Shortly after his initial indictment some two years ago, Parnas launched into an extraordinarily public counteroffensive for a criminal defendant. The initial charges in the early stages of the events that led to former President Donald Trump’s first impeachment, and Parnas decided early on to cooperate with the House committees investigating him. Parnas shared thousands of emails, text messages, photos and videos with investigators, who released a significant portion of those files with the public. Those images showed Parnas pictured with top Republicans like Trump, Rep. McCarthy, Florida Gov. Ron DeSantis (R), and then-Vice President Mike Pence, who was also associated with Protect the House.
Though House Democrats declined his offer to testify, Parnas agreed to sit down for multiple interviews with major news outlets, starting with MSNBC host Rachel Maddow and then CNN’s Anderson Cooper. Those interviews focused on the then-active impeachment investigation and the efforts by Trump surrogates to manufacture dirt on then-candidate Joe Biden through a coterie of Ukrainian operatives like Yuriy Lutsenko. Parnas also spilled the Trump administration’s secrets about machinations in other countries like Venezuela to Turkey.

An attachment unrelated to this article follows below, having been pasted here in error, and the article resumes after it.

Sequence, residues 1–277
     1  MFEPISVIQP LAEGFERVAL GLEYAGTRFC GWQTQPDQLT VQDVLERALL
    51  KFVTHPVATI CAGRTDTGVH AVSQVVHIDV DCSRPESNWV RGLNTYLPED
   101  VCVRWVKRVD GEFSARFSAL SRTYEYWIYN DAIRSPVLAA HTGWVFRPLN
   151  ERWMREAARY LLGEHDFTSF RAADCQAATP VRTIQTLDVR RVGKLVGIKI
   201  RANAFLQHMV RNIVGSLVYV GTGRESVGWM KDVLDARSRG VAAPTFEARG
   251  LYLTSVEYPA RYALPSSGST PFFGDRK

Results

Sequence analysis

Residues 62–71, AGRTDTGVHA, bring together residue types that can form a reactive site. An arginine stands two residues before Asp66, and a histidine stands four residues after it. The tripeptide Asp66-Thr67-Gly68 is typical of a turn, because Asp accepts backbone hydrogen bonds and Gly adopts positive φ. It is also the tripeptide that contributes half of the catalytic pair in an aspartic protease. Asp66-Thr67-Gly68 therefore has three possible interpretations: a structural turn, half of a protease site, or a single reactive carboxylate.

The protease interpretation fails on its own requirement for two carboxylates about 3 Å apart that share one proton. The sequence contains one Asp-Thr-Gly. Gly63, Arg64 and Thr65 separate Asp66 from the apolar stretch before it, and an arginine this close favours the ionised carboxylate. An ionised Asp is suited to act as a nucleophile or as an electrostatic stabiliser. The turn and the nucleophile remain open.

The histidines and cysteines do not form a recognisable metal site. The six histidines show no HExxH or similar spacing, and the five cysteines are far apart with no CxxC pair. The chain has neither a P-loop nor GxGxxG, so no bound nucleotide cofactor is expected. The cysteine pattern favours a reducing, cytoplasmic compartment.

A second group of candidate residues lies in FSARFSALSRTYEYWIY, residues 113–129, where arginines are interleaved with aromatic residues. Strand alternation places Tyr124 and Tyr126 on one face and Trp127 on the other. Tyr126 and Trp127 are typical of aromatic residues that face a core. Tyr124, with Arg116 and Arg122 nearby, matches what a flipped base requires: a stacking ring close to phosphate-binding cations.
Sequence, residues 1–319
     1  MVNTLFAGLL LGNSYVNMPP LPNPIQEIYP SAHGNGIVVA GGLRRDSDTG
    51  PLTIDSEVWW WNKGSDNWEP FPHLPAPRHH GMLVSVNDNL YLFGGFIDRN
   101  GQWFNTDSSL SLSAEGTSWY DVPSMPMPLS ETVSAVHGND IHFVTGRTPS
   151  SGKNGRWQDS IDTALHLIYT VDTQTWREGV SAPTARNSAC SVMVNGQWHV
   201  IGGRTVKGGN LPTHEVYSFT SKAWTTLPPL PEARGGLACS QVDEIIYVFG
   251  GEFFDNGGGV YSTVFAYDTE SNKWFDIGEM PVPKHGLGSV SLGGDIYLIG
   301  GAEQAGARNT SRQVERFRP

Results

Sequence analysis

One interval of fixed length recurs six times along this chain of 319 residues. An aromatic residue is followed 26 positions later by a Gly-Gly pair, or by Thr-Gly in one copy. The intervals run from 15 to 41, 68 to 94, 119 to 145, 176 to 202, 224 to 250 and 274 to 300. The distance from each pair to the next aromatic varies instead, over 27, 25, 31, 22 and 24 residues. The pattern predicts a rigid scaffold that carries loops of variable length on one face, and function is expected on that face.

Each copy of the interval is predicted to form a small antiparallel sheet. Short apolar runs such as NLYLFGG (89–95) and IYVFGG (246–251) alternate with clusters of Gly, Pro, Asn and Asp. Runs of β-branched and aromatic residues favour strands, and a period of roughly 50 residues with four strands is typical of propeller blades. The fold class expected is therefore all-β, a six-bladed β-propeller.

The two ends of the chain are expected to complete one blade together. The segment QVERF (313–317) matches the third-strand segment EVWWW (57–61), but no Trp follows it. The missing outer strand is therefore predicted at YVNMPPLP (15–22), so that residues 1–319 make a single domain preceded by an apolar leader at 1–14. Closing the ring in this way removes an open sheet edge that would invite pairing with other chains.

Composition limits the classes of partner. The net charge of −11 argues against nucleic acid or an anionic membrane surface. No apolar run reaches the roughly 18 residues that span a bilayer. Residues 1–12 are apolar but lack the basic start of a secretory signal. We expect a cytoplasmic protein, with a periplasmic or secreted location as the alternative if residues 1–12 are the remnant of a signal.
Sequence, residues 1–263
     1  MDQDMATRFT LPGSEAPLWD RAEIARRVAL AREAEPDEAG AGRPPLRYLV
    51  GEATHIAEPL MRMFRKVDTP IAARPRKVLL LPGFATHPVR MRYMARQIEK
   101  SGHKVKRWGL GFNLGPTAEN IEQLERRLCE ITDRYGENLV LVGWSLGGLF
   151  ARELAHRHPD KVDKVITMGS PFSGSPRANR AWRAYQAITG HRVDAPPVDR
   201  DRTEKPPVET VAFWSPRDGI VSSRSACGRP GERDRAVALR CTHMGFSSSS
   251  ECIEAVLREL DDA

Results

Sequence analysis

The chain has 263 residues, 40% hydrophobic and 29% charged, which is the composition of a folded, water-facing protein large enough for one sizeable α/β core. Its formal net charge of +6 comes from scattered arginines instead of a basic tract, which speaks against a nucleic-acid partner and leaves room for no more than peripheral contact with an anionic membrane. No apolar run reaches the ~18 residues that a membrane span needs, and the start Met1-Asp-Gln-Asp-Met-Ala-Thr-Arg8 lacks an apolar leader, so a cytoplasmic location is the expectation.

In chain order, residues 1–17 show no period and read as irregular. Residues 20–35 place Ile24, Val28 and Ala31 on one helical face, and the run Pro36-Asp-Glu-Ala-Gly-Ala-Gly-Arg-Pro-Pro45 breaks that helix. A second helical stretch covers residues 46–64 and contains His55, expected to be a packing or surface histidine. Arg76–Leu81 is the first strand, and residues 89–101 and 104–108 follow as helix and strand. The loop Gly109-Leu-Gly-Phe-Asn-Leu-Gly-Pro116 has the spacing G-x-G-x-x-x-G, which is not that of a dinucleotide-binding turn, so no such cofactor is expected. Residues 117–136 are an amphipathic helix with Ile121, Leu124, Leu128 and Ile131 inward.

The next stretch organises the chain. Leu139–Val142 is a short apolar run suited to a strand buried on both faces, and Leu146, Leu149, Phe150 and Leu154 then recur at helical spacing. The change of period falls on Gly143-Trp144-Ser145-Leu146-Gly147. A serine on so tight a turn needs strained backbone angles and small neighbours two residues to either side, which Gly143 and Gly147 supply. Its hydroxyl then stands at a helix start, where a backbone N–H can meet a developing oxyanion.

Such globe-hopping tales of intrigue ultimately proved far afield of his trial.
Though Parnas’s first indictment first implicated him in the plot to smear and oust former U.S. Ambassador to Ukraine Marie Yovanovitch—whose anti-corruption bona fides reportedly stood in the way of the Trump administration’s misinformation campaign against the Bidens—prosecutors scrubbed those allegations from his superseding indictment. Parnas’s reputed sidekick Igor Fruman copped a non-cooperation plea deal before trial, as did fellow accused co-conspirator David Correia.
Prosecutors continue to investigate Giuliani, a former U.S. Attorney in the same district who continues to try to assert attorney-client privilege in order to shield information seized by the government. That probe reportedly looks into whether Giuliani’s lobbying in Ukraine violated federal law.
During a video released during the trial, Giuliani sits between Parnas and Fruman.
“I’m here with my friends Lev and Igor [Fruman],” Giuliani says in the video, referring to an organization starting in Ukraine, “one of my favorite countries,” the former mayor says.
The jury, which will begin deliberations, did not hear about the scandal of old—or the politically combustible context that continues to surround it.
(Photo by Eduardo Munoz Alvarez/Getty Images)